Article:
Love from Afar
Tsunami survivors invited to summer camp in New York
On March 11, 2011, a 9.0-magnitude earthquake and subsequent tsunami devastated the Tohoku region of Japan. The disaster killed more than 15,000 people, severely damaged much of the area’s infrastructure, and led to mass evacuations due to nuclear accidents and radiation leaks around the Fukushima nuclear complex.
Although the devastation occurred more than four years ago, residents of the Tohoku region have not been forgotten by leaders of the Special Ministry to Japanese (SMJ), a mission sponsored by the Synod of New York, in partnership with the Presbyterian Church (U.S.A.), the United Church of Christ, the United Methodist Church (New York Conference), and the Kyodan (United Church of Christ in Japan). SMJ raised money for aid immediately after the earthquake and tsunami, but has recently been looking for other ways to reach out.
“Some children lost their loved ones; others lost their houses and live in unfamiliar places outside their hometown—and still others have lived in the fear of radioactive contaminations,” says Jun Yoshimatsu, acting chair of SMJ. “While observing such a harsh reality, the question kept coming back to many of us who live in the U.S.: What can SMJ do in order to support and encourage those survivors?”
For churches in New York, the answer became clear: Discovery Camp, a two-week, bilingual summer camp serving both Japanese-speaking and English-speaking children in the greater New York metropolitan area. This year, SMJ is working to raise money in order to bring five to 10 children from the Tohoku region to participate in Discovery Camp.
“[We] believe that bringing those children to a Christian camp in America provides them not only joy and fun of camping, but also shows them solidarity, saying, ‘You are not alone—even though we live far away, we think of you, pray for you, and love you always,’” says Yoshimatsu. “We believe it is a fine manner to express the love of Jesus Christ.”
Held in July at Camp Quinipet on Shelter Island, New York, Discovery Camp offers third- through tenth-graders a traditional Christian summer camp experience with arts and crafts, swimming, sports activities, campfires, Bible studies, praise time, and devotions. Two things set it apart from other Christian summer camps: all activities are conducted in both English and Japanese, and most campers come from non-Christian families.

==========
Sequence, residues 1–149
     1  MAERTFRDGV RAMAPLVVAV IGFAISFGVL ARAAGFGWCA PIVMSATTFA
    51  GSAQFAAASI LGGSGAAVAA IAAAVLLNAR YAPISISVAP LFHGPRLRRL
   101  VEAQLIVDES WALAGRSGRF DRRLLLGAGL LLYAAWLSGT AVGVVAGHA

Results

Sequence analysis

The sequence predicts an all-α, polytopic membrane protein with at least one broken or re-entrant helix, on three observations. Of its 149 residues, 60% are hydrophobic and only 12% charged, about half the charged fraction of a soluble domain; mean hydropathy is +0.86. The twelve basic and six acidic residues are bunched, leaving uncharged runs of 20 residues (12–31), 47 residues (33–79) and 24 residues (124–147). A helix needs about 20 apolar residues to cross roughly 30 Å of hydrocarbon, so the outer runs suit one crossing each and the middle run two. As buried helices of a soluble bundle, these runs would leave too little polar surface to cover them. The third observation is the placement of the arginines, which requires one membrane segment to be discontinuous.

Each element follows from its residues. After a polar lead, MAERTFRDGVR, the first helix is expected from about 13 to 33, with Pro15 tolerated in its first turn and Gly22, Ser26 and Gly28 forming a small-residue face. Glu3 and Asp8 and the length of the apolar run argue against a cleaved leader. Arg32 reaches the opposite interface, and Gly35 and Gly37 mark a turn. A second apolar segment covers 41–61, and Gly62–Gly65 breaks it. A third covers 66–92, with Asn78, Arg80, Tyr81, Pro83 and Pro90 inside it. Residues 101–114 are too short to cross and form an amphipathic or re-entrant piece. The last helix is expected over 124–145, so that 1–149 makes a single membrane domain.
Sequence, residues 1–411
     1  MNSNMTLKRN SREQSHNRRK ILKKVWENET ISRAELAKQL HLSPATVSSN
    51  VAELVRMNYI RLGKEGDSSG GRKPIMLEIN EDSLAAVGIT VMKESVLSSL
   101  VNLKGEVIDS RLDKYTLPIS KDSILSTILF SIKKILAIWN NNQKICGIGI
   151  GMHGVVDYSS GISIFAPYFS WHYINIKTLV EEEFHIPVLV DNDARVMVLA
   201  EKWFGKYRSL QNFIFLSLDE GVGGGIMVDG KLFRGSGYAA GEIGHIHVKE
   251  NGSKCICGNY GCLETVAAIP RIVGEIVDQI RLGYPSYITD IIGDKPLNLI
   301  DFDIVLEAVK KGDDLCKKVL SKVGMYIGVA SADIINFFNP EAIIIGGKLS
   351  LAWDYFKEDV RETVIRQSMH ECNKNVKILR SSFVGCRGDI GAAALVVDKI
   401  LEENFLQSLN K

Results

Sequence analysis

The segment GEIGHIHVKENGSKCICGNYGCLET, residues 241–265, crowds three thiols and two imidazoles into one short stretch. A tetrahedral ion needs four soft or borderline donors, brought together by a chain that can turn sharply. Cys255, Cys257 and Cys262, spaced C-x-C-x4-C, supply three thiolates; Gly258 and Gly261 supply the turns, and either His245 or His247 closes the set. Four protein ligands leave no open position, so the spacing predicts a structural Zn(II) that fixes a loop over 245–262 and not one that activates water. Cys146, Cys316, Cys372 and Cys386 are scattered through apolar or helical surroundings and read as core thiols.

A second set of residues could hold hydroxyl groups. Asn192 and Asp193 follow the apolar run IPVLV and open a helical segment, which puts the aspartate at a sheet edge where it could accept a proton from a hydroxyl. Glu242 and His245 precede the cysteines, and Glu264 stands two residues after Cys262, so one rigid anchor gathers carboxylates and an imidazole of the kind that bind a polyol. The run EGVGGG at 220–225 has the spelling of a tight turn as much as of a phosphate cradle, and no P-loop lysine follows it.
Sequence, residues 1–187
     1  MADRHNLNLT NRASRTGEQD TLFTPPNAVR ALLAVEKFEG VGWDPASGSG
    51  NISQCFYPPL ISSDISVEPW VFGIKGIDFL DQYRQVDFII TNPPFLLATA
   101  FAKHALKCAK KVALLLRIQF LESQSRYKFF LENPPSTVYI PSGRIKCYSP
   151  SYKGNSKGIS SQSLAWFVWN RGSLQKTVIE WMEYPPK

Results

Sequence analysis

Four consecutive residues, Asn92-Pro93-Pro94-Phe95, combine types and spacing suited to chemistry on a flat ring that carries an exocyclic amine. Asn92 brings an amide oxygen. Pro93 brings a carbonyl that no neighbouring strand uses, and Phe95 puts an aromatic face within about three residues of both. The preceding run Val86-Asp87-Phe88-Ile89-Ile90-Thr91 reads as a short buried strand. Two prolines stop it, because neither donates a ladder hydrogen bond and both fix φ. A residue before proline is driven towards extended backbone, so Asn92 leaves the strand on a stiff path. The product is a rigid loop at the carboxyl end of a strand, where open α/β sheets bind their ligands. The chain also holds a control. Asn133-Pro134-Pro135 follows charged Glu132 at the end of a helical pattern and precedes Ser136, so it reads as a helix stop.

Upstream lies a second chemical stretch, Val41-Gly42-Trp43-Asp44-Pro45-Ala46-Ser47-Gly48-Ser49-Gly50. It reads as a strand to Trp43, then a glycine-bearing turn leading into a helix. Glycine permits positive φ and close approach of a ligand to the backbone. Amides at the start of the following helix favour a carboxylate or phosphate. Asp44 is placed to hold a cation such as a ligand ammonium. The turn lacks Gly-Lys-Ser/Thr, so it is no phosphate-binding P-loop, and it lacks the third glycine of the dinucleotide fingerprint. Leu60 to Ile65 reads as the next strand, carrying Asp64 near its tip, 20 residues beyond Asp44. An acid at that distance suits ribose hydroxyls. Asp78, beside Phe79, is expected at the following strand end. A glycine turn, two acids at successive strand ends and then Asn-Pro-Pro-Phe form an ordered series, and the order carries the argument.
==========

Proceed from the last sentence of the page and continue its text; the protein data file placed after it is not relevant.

“It is a very new experience for many campers because it is the first time they are in a Christian atmosphere,” says Yoshimatsu. “Most of them do not know the Lord’s Prayer on the first day of the camp, but by the end of the first week, all of them can recite it.”
Japanese American United Church (RCA), a supporting church of SMJ, helped the fundraising efforts by hosting a recital featuring pianist Yukiko Tanaka this spring. Discovery Camp was founded in 1977 by then-JAUC pastor Justin Haruyama, and the camp has been a cherished part of the church’s ministry ever since.
Current JAUC pastor Kaz Takahashi says the camp’s mission impacts not just those children who will come from Japan, but also the Japanese Americans who attend.
“Years ago Discovery Camp was an important program to keep ties with their homeland [Japan],” says Takahashi. “These days people’s mobility is greater than ever. We have stepped into a new time of globalization. It is important for our children to be prepared and equipped to live and work with friends from a different shore. In God’s eye, we are the citizens of Christ.”
Even as fundraising efforts continue for this summer’s guest campers, Yoshimatsu says SMJ’s goal is to eventually establish a scholarship fund, which will enable more children from both Japan and the New York area to attend Discovery Camp.
“This project--inviting the children from Tohoku--sends a message to them and their families that 'God loves you; so do we.' If some children start going to church in Japan after this summer, we will continue to pray for their comfort and salvation of their souls continuously.”